How does a child grow up to become a murderer?
When the unnamed narrator of Adeline Dieudonné’s Real Life and her six-year-old brother Sam witness a horrific accident involving a local ice cream truck, their lives are thrown drastically off course. Sam, who was once a shining, happy child whose sister loves to make him laugh, taps into an inner darkness. Further fuelled by his father’s violent temperament and fondness for hunting, Sam falls deeper under what his sister thinks of as some sort of evil spell.
His sister, adopting a kind of magical thinking, decides that in order to save Sam she will simply build a time machine and go back to before the accident, preventing her brother from ever witnessing it in the first place.
While it deals with some horrific themes and questions of violence, Real Life is also engrossing, poetic and darkly funny. Author Adeline Dieudonné raises questions about the effects of violence on the young, the ways that we deal with trauma, and patterns of abuse. Another strand of the novel shows the developing relationship between the narrator and her mother, who initially is described disdainfully as little more than an ‘amoeba’ but takes on new, more protective forms as the girl’s father becomes increasingly more abusive and her brother begins to follow in his footsteps.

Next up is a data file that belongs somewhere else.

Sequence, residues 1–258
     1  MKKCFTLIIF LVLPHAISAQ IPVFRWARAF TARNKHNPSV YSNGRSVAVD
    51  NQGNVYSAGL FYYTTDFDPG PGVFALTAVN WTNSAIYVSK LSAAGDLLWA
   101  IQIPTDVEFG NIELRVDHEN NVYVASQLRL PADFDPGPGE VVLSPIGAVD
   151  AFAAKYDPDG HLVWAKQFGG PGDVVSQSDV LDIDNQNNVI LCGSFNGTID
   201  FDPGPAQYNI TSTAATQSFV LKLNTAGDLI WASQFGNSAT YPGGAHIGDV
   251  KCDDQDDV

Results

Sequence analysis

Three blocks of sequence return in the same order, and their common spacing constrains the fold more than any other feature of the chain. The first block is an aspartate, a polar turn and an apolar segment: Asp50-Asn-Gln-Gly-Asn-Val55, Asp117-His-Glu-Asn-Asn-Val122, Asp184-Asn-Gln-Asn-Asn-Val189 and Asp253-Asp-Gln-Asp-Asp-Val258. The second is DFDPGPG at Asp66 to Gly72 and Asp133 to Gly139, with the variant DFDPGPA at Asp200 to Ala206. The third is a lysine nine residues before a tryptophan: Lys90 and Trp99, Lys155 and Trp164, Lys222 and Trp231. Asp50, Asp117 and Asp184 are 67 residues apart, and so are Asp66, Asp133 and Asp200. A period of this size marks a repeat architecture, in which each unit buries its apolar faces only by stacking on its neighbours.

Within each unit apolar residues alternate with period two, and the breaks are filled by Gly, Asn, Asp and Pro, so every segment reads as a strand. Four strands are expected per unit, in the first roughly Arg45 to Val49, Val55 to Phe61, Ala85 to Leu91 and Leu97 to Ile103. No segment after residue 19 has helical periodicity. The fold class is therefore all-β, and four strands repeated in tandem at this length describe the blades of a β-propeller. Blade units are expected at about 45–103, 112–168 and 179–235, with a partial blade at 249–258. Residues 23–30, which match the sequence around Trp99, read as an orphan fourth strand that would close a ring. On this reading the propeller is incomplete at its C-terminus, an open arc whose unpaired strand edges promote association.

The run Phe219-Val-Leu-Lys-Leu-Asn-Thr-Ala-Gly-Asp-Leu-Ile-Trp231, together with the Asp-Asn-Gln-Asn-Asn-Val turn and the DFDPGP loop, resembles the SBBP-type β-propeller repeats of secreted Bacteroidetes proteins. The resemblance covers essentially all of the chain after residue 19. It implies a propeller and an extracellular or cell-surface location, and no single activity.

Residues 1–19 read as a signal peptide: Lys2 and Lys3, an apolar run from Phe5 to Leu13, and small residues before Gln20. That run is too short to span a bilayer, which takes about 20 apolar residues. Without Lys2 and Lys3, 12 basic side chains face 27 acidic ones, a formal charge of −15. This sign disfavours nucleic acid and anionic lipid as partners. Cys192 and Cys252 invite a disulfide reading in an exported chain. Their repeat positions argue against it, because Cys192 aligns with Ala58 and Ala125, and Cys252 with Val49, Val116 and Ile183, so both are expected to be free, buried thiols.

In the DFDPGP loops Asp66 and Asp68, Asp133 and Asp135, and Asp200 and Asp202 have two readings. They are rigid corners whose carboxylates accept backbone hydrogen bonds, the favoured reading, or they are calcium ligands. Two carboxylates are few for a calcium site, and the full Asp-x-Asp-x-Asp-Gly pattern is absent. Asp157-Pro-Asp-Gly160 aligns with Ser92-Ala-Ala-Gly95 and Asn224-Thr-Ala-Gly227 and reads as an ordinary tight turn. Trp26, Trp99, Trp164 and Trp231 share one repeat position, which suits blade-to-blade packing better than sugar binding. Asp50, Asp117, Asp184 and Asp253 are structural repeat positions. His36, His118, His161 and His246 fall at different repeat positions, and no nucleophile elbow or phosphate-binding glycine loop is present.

Real Life is a fierce debut – a story of love, trauma and survival that transforms the coming-of-age story into something else entirely; dark and disturbing, but ultimately hopeful.
Real Life by Adeline Dieudonné, trans. by Roland Glasser is available 13th February 2020 from World Editions
(9781912987016, p/b, £11.99)
Fancy a review copy? If you’re a UK book blogger or reviewer, get in touch at firstname.lastname@example.org.